It started when Fidel suggested that I go see a place called Guanabacoa, and I did. There was a Museum of Santería there, and that planted the seed. It stuck in my head. Then I met this woman, who is the prototype for Renata. She was an anthropologist of a sort, and was a practitioner of Santería.
And then Albert Ruddy, a producer for Francis Ford Coppola, told me to go see the San Lázaro pilgrimage in December. People make this pilgrimage to San Lázaro, this rural place, ten or twenty miles out of Havana, and to Rincon. When I did it, we walked for five hours with something like 50,000 people. It was in the middle of the night. We started at ten o’clock and came home at three in the morning, and there were still thousands of people on the road. And there would be more, all through the night and all the next day and the next.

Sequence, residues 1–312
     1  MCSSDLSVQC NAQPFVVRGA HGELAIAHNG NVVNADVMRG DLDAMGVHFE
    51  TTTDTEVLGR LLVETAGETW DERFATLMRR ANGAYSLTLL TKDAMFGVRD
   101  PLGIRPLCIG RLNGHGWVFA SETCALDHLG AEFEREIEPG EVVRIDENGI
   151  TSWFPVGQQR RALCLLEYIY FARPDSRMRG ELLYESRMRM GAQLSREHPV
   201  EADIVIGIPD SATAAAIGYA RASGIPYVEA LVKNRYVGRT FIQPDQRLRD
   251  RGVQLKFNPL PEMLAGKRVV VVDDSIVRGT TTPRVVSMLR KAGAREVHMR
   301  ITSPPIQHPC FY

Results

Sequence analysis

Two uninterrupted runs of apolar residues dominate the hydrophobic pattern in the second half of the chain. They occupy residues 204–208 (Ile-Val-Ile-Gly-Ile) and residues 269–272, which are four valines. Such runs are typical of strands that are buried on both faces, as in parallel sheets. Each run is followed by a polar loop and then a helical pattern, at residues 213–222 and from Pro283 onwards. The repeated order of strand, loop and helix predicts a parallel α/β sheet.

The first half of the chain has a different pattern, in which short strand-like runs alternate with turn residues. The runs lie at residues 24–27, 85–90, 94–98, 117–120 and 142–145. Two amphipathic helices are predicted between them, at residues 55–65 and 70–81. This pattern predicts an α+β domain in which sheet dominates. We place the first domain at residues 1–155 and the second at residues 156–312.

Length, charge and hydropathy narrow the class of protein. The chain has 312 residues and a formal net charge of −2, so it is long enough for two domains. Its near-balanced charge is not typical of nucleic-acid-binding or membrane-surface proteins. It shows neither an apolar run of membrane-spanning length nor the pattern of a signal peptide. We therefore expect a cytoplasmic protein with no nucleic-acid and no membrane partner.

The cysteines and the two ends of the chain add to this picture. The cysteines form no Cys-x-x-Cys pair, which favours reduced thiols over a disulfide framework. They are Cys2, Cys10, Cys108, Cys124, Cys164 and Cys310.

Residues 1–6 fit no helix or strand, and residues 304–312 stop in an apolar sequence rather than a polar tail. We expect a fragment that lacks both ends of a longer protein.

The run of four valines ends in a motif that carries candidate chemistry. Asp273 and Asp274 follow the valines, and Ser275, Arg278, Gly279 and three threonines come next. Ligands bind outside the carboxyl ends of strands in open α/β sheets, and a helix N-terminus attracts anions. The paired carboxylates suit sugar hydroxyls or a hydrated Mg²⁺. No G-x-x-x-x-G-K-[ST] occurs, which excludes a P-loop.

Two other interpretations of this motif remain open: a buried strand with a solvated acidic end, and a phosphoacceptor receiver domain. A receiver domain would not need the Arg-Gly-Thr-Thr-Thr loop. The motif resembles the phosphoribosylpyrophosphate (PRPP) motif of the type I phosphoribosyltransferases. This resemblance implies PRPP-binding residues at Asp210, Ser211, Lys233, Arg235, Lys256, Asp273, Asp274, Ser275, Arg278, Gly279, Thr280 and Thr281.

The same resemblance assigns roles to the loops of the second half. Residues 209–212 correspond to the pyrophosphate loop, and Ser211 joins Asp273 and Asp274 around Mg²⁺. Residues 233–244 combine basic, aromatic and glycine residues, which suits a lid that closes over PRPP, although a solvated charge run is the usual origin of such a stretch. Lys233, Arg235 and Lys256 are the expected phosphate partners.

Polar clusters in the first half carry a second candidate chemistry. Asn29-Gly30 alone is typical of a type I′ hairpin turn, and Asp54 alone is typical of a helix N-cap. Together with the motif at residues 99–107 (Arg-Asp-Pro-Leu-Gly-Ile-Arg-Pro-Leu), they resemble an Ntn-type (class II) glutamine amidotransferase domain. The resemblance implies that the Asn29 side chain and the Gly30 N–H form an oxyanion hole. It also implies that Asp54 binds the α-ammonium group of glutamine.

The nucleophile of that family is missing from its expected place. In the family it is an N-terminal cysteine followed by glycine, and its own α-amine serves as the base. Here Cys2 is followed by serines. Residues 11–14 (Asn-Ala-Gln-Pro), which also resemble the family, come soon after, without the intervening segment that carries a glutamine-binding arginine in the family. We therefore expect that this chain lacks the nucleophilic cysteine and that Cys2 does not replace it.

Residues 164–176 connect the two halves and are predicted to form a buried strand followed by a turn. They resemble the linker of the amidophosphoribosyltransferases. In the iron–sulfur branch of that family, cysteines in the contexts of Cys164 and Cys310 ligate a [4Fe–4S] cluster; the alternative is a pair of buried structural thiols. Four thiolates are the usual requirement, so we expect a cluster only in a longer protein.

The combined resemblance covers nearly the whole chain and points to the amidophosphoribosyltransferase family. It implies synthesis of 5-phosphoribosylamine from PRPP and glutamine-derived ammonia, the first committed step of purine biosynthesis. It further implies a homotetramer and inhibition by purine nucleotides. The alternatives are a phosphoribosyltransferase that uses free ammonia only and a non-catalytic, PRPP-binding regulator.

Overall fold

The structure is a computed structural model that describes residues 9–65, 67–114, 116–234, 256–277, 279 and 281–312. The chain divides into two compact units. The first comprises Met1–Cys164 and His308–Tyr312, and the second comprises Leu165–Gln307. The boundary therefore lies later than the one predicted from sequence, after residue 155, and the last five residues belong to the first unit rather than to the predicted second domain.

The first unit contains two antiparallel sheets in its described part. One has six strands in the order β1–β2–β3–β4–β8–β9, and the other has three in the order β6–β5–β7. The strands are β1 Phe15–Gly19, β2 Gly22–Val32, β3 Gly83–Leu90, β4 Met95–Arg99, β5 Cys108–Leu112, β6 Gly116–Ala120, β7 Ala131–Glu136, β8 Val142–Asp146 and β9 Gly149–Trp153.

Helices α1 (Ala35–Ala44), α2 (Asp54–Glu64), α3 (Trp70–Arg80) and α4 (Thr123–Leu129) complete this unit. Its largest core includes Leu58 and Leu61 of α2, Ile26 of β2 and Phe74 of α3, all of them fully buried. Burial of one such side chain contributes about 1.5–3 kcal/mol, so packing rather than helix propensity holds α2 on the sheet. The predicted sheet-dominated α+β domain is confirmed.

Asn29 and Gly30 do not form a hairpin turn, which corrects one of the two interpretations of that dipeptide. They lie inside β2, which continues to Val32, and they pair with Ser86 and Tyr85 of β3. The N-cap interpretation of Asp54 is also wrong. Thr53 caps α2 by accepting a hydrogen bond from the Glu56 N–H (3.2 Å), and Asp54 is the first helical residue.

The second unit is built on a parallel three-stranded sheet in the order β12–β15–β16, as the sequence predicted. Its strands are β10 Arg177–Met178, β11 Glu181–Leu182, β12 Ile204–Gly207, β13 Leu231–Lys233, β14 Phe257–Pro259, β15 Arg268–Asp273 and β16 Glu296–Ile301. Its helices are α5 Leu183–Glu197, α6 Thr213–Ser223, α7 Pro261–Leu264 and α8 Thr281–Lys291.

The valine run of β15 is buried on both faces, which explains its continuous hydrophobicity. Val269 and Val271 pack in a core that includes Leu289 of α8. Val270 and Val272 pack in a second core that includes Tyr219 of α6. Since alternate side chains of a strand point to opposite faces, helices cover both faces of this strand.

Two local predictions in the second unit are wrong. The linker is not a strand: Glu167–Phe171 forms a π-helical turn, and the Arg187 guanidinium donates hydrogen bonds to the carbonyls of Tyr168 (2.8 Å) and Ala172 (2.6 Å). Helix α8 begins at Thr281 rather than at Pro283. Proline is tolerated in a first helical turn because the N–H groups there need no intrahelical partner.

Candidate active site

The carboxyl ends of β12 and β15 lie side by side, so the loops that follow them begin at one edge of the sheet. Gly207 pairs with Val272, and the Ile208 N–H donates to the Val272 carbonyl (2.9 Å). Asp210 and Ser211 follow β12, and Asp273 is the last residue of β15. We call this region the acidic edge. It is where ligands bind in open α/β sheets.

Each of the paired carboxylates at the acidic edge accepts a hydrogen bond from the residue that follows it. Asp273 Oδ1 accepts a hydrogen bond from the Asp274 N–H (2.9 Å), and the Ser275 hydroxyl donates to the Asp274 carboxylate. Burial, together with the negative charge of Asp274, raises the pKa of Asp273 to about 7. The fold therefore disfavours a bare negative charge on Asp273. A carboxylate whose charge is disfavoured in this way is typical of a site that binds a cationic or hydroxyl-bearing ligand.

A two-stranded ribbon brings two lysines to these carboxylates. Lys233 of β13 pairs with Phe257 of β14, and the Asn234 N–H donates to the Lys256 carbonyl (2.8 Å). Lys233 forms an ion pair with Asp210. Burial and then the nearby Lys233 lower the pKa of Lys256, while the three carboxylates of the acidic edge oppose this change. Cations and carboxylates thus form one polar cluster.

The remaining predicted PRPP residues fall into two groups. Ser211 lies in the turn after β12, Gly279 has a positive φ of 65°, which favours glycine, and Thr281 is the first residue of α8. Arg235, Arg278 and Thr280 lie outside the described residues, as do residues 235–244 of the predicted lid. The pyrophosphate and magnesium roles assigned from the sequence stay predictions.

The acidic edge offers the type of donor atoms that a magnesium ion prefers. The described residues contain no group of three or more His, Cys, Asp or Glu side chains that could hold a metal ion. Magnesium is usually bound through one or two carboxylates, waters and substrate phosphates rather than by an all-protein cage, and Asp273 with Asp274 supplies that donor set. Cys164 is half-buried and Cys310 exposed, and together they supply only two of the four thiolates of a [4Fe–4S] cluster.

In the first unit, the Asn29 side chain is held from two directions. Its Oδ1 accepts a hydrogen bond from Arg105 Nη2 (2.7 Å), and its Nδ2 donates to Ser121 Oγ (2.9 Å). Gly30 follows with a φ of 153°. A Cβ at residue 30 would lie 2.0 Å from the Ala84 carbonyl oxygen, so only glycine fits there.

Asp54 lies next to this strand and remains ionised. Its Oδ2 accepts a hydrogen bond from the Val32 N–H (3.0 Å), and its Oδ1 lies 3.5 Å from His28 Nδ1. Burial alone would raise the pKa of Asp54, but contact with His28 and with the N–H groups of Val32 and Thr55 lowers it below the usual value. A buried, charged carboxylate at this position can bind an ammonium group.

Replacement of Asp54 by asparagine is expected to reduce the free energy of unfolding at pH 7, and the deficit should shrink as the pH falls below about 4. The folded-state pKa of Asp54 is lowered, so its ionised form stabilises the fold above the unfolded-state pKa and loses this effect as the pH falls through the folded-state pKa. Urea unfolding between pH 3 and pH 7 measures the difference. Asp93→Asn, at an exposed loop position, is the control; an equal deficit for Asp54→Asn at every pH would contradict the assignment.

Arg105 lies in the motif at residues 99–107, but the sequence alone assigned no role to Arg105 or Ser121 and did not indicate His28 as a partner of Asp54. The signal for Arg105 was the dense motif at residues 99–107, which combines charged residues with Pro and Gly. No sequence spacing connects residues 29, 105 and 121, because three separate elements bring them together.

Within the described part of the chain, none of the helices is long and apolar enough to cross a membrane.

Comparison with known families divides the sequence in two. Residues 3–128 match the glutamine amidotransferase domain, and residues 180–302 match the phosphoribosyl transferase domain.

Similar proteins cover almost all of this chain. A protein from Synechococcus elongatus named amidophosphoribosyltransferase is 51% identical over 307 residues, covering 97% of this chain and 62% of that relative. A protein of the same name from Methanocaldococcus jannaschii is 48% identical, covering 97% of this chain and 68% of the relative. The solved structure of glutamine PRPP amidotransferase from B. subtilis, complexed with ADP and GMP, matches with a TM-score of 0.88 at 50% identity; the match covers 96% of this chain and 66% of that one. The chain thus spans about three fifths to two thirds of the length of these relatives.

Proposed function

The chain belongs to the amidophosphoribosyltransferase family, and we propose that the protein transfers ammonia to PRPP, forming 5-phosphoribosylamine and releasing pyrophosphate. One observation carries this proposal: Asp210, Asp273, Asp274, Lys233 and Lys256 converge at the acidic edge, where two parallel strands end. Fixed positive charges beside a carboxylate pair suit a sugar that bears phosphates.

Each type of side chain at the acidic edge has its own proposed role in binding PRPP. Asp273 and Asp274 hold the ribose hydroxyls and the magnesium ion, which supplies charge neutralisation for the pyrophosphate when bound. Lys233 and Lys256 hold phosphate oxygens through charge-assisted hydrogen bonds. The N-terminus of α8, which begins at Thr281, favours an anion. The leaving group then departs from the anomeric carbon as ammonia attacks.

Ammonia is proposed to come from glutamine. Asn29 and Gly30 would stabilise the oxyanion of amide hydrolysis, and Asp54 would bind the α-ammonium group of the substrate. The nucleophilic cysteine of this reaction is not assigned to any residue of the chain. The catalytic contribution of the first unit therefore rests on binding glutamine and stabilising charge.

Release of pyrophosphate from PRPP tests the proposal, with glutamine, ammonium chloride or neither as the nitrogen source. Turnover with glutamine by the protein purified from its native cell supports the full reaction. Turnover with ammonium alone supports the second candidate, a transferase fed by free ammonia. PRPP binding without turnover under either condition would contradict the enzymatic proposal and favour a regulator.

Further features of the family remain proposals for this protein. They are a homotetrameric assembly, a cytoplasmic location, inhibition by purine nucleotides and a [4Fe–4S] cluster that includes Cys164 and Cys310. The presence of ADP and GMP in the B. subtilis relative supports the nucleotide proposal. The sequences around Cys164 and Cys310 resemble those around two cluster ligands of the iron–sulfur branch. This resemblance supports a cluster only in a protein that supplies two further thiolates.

San Lázaro is the patron of the inflicted. He walks on crutches. He’s got leprous sores on his legs, and he’s got two dogs that follow him. He wears a bandage around his head and he’s got a beard. He’s a very, very popular image.
What were the sixties like in Albany? Why would you call it a revolutionary time?
The sixties were a spectacular time. I didn’t understand when it was happening, how unusual it was. The Brothers [an Albany-based civil-rights group] were coming up, and young black men were running for office. They were taking on the political machine and campaigning against the five-dollar vote and against slumlords. It was a revolution, and when I look back at it, I think it was a revolution on the order of what happened when Fidel took power. It happened very slowly here. It happened all of a sudden in Cuba.